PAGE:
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Title: Efficient all solid-state UV source for satellite-based lidar applications.

Abstract

A satellite-based UV-DIAL measurement system would allow continuous global monitoring of ozone concentration in the upper atmosphere. However such systems remain difficult to implement because aerosol-scattering return signals for satellite-based lidars are very weak. A suitable system must produce high-energy UV pulses at multiple wavelengths with very high efficiency. For example, a nanosecond system operating at 10 Hz must generate approximately 1 J per pulse at 308-320 nm. An efficient space-qualified wavelength-agile system based on a single UV source that can meet this requirement is probably not available using current laser technology. As an alternative, we're pursuing a multi-source approach employing all-solid-state modules that individually generate 300-320 nm light with pulse energies in the range of 50-200 mJ, with transform-limited bandwidths and good beam quality. Pulses from the individual sources can be incoherently summed to obtain the required single-pulse energy. These sources use sum-frequency mixing of the 532 nm second harmonic of an Nd:YAG pump laser with 731-803 nm light derived from a recently-developed, state-of-the-art, nanosecond optical parametric oscillator. Two source configurations are under development, one using extra-cavity sum-frequency mixing, and the other intra-cavity sum-frequency mixing. In either configuration, we hope to obtain sum-frequency mixing efficiency approaching 60% by carefullymore » matching the spatial and temporal properties of the laser and OPO pulses. This ideal balance of green and near-IR photons requires an injection-seeded Nd:YAG pump-laser with very high beam quality, and an OPO exhibiting unusually high conversion efficiency and exceptional signal beam quality. The OPO employs a singly-resonant high-Fresnel-number image-rotating self-injection-seeded nonplanar-ring cavity that achieves pump depletion > 65% and produces signal beams with M{sup 2} {approx} 3 at pulse energies exceeding 50 mJ. Pump beam requirements can be met in the laboratory using a commercial Nd:YAG laser system, but only after extensive modifications.« less

Authors:
;
Publication Date:
Research Org.:
Sandia National Laboratories
Sponsoring Org.:
USDOE
OSTI Identifier:
1003928
Report Number(s):
SAND2003-2981C
TRN: US1100559
DOE Contract Number:  
AC04-94AL85000
Resource Type:
Conference
Resource Relation:
Conference: Proposed for presention as an invited talk at the SPIE Proceedings: Lidar Remote Sensing for Environmental Monitoring IV held August 3-8, 2003 in San Diego, CA.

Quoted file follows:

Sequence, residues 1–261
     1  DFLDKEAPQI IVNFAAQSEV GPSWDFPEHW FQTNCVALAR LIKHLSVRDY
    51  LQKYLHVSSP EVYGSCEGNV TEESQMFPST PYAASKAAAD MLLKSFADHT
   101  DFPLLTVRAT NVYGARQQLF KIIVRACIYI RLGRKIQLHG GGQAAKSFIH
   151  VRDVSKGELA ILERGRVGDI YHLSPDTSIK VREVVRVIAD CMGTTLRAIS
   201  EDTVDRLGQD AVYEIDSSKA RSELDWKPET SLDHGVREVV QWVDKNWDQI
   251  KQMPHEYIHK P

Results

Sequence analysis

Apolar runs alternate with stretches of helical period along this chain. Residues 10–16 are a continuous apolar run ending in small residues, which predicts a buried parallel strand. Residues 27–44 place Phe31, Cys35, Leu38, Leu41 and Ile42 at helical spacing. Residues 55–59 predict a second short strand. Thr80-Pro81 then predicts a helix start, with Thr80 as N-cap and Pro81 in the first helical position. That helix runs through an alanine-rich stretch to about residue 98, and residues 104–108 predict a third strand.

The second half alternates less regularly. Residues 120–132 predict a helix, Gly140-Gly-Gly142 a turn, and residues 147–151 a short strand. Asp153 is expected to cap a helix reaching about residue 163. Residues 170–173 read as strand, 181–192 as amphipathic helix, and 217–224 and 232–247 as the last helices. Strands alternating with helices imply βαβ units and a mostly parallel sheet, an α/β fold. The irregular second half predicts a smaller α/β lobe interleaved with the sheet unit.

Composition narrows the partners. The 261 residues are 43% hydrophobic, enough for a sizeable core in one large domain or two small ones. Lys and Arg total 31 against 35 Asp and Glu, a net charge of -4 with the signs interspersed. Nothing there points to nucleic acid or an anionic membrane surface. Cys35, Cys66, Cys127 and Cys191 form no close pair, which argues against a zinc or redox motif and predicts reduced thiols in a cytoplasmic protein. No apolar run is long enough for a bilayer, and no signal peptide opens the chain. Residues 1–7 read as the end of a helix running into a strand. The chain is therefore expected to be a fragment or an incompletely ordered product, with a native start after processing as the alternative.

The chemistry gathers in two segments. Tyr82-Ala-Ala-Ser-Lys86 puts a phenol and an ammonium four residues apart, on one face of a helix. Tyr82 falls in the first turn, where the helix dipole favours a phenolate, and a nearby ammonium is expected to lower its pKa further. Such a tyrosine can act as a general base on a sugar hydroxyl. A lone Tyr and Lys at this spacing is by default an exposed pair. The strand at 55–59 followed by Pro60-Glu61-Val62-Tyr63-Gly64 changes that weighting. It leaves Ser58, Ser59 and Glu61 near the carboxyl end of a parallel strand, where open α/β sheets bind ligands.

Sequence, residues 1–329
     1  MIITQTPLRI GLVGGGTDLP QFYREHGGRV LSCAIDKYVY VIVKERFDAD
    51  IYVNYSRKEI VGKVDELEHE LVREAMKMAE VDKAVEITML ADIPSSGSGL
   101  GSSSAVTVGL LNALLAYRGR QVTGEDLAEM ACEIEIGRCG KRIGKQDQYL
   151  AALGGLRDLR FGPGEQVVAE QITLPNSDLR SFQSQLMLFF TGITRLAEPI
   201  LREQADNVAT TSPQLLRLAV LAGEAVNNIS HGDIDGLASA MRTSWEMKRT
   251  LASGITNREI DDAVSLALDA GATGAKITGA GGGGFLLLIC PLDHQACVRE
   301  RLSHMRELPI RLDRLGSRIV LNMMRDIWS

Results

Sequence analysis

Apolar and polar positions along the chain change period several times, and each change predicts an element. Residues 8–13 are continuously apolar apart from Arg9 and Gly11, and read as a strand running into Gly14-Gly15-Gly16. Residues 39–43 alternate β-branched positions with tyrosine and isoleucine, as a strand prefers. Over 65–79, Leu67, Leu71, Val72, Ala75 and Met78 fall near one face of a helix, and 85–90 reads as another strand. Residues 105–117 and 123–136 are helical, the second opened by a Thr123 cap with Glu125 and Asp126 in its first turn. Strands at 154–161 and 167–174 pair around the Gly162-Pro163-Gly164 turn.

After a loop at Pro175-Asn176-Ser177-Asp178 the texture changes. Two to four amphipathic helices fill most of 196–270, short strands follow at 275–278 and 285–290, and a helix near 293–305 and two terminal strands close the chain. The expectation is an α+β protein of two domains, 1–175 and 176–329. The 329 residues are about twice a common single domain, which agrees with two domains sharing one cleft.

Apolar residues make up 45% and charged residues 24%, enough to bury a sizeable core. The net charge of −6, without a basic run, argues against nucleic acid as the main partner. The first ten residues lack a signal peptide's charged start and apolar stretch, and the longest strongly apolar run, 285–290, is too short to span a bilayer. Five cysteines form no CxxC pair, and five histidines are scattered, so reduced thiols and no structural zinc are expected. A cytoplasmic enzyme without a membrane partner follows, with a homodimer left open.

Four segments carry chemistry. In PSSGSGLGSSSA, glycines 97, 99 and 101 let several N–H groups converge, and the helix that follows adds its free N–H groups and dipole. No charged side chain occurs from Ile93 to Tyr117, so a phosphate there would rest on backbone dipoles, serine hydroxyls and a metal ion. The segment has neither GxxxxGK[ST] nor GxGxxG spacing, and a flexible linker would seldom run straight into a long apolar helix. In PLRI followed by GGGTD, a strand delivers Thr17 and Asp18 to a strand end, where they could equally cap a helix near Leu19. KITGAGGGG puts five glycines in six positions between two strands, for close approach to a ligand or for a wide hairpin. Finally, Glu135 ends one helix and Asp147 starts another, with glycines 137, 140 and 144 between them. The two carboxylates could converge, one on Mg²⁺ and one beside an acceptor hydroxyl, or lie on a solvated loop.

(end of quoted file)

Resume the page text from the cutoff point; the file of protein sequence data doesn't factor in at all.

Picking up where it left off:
Country of Publication:
United States
Language:
English
Subject:
72 PHYSICS OF ELEMENTARY PARTICLES AND FIELDS; CONFIGURATION; EFFICIENCY; HARMONICS; LASERS; MODIFICATIONS; MONITORING; OPTICAL RADAR; OZONE; PARAMETRIC OSCILLATORS; PHOTONS; REMOTE SENSING; WAVELENGTHS

Citation Formats

Armstrong, Darrell Jewell, and Smith, Arlee Virgil. Efficient all solid-state UV source for satellite-based lidar applications.. United States: N. p., 2003. Web.
Armstrong, Darrell Jewell, & Smith, Arlee Virgil. Efficient all solid-state UV source for satellite-based lidar applications.. United States.
Armstrong, Darrell Jewell, and Smith, Arlee Virgil. Tue . "Efficient all solid-state UV source for satellite-based lidar applications.". United States.
@article{osti_1003928,
title = {Efficient all solid-state UV source for satellite-based lidar applications.},
author = {Armstrong, Darrell Jewell and Smith, Arlee Virgil},
abstractNote = {A satellite-based UV-DIAL measurement system would allow continuous global monitoring of ozone concentration in the upper atmosphere. However such systems remain difficult to implement because aerosol-scattering return signals for satellite-based lidars are very weak. A suitable system must produce high-energy UV pulses at multiple wavelengths with very high efficiency. For example, a nanosecond system operating at 10 Hz must generate approximately 1 J per pulse at 308-320 nm. An efficient space-qualified wavelength-agile system based on a single UV source that can meet this requirement is probably not available using current laser technology. As an alternative, we're pursuing a multi-source approach employing all-solid-state modules that individually generate 300-320 nm light with pulse energies in the range of 50-200 mJ, with transform-limited bandwidths and good beam quality. Pulses from the individual sources can be incoherently summed to obtain the required single-pulse energy. These sources use sum-frequency mixing of the 532 nm second harmonic of an Nd:YAG pump laser with 731-803 nm light derived from a recently-developed, state-of-the-art, nanosecond optical parametric oscillator. Two source configurations are under development, one using extra-cavity sum-frequency mixing, and the other intra-cavity sum-frequency mixing. In either configuration, we hope to obtain sum-frequency mixing efficiency approaching 60% by carefully matching the spatial and temporal properties of the laser and OPO pulses. This ideal balance of green and near-IR photons requires an injection-seeded Nd:YAG pump-laser with very high beam quality, and an OPO exhibiting unusually high conversion efficiency and exceptional signal beam quality. The OPO employs a singly-resonant high-Fresnel-number image-rotating self-injection-seeded nonplanar-ring cavity that achieves pump depletion > 65% and produces signal beams with M{sup 2} {approx} 3 at pulse energies exceeding 50 mJ. Pump beam requirements can be met in the laboratory using a commercial Nd:YAG laser system, but only after extensive modifications.},
doi = {},
journal = {},
number = ,
volume = ,
place = {United States},
year = {2003},
month = {7}
}

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